Abstract: Combretastatin A4 is a stilbenoid tubulin binding mitotic inhibitor whose conformation greatly influences its potency, making it an excellent candidate for adaptation as a photoactivatable tool. Herein we report a novel synthesis, the facile isomerization with commercial grade equipment, and biological activity of azo-combretastatin A4 in vitro and in human cancer cells. Photoisomerized azo-combretestatin A4 is at least 200-fold more potent in cellular culture, making it a promising phototherapeutic and biomedical research tool.

Benjamin Biermeier-Hanson

October 8th, 2015

Biermeier-Hanson, B. (2015). What About the Rest of Us? The Importance of Organizational Culture in Nepotistic Environments. Industrial and Organizational Psychology, 8(01), 27-31.

Abstract: To date, empirical investigations into whether nepotism, specifically, or social connection preference (SCP), generally, is positive or negative within the realm of organizational scholarship has been limited. Indeed, most of the early discussions in this field on the subject have focused on previous work done outside the organizational area (i.e., Bellow, 2003). A recent Society for Industrial and Organizational Psychology Organizational Frontier Series book on the subject has brought some initial attention to the subject by approaching it from multiple domains within the organizational literature (Jones, 2012). Jones and Stout (2015) have highlighted the possible advantages and disadvantages of SCPs and have taken the stand that SCPs might in fact provide more benefits than drawbacks, particularly given that formalized policies may lead to unfair discrimination.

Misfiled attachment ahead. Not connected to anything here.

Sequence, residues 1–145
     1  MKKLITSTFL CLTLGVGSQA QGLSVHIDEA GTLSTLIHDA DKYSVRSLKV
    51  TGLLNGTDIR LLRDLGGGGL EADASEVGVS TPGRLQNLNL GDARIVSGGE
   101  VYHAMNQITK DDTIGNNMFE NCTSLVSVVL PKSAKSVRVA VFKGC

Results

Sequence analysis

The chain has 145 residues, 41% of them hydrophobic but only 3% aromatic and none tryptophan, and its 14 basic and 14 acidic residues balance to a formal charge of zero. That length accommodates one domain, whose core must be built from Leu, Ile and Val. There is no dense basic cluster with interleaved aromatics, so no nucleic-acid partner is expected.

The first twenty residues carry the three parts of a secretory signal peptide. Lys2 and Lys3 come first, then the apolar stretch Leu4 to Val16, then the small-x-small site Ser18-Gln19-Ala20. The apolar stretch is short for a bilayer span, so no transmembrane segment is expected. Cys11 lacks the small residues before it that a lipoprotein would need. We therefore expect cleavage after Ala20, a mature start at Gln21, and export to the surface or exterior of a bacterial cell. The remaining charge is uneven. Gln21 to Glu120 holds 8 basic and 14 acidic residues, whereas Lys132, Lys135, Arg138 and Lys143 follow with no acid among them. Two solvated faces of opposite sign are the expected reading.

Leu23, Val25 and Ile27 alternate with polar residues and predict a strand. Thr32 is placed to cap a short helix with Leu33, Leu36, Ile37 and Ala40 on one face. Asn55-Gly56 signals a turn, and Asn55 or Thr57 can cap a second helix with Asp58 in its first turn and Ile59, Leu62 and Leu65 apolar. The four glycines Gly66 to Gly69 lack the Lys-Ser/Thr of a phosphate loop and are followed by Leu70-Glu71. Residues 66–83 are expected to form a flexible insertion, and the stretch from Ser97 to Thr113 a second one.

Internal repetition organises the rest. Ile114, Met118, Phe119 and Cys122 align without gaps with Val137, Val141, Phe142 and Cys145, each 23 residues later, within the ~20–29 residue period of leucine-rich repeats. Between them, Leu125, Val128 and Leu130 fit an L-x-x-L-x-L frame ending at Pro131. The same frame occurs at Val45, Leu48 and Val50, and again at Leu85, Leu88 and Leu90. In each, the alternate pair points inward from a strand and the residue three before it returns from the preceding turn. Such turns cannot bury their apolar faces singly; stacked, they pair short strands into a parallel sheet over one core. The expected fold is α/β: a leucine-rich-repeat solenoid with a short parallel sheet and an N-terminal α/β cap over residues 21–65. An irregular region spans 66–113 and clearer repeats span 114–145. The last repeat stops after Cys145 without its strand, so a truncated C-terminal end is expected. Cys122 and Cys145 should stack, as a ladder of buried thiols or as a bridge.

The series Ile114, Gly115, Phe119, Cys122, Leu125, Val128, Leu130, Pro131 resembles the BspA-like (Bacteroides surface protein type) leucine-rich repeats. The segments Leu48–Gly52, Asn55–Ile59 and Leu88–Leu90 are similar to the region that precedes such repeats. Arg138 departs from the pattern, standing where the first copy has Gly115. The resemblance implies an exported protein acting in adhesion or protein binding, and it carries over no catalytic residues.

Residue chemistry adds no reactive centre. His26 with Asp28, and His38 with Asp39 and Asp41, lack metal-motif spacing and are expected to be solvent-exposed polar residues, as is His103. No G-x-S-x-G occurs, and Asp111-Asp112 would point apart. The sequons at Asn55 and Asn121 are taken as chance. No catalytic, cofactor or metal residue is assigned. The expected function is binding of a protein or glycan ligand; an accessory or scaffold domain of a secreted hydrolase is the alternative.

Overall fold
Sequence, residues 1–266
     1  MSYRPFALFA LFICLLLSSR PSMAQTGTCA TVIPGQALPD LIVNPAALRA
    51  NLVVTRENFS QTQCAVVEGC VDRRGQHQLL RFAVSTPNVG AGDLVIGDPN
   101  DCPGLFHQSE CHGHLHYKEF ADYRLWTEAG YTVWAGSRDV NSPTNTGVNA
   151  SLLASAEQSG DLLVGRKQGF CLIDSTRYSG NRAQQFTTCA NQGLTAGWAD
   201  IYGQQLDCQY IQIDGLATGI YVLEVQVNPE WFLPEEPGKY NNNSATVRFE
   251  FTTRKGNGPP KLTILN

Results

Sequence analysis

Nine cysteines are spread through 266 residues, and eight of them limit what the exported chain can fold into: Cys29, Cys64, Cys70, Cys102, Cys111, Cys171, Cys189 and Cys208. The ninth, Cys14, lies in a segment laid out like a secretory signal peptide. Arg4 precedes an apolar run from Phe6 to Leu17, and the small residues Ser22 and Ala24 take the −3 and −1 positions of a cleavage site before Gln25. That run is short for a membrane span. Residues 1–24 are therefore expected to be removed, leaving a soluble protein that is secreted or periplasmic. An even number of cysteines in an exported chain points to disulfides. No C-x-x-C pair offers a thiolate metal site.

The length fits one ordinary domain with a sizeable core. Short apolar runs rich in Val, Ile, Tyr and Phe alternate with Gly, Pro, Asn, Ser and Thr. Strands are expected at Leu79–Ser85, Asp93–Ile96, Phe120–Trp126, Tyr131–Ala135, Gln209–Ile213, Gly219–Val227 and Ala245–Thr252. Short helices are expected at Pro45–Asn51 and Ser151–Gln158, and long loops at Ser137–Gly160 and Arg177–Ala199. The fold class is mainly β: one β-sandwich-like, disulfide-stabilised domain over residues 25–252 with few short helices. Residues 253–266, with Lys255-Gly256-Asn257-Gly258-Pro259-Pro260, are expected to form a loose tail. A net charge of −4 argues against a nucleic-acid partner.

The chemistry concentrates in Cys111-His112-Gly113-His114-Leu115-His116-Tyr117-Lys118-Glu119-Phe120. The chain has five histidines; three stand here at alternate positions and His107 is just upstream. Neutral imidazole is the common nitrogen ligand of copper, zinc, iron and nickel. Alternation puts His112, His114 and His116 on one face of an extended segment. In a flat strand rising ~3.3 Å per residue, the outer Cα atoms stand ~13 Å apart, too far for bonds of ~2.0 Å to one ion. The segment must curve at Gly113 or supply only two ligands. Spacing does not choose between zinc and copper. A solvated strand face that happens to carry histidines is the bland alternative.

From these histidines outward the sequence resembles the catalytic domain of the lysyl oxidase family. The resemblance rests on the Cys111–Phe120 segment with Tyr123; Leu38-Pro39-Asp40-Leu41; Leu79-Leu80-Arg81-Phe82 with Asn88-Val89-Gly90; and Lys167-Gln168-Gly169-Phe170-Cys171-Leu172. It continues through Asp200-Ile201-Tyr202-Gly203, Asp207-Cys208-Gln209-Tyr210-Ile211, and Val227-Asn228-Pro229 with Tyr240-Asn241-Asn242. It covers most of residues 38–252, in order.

Ellen Kamischke

October 2nd, 2015

De Winter, S., Kamischke, E., & Wang, Z. (2015). Automorphisms of strongly regular graphs with applications to partial difference sets. Designs, Codes and Cryptography, 1-15.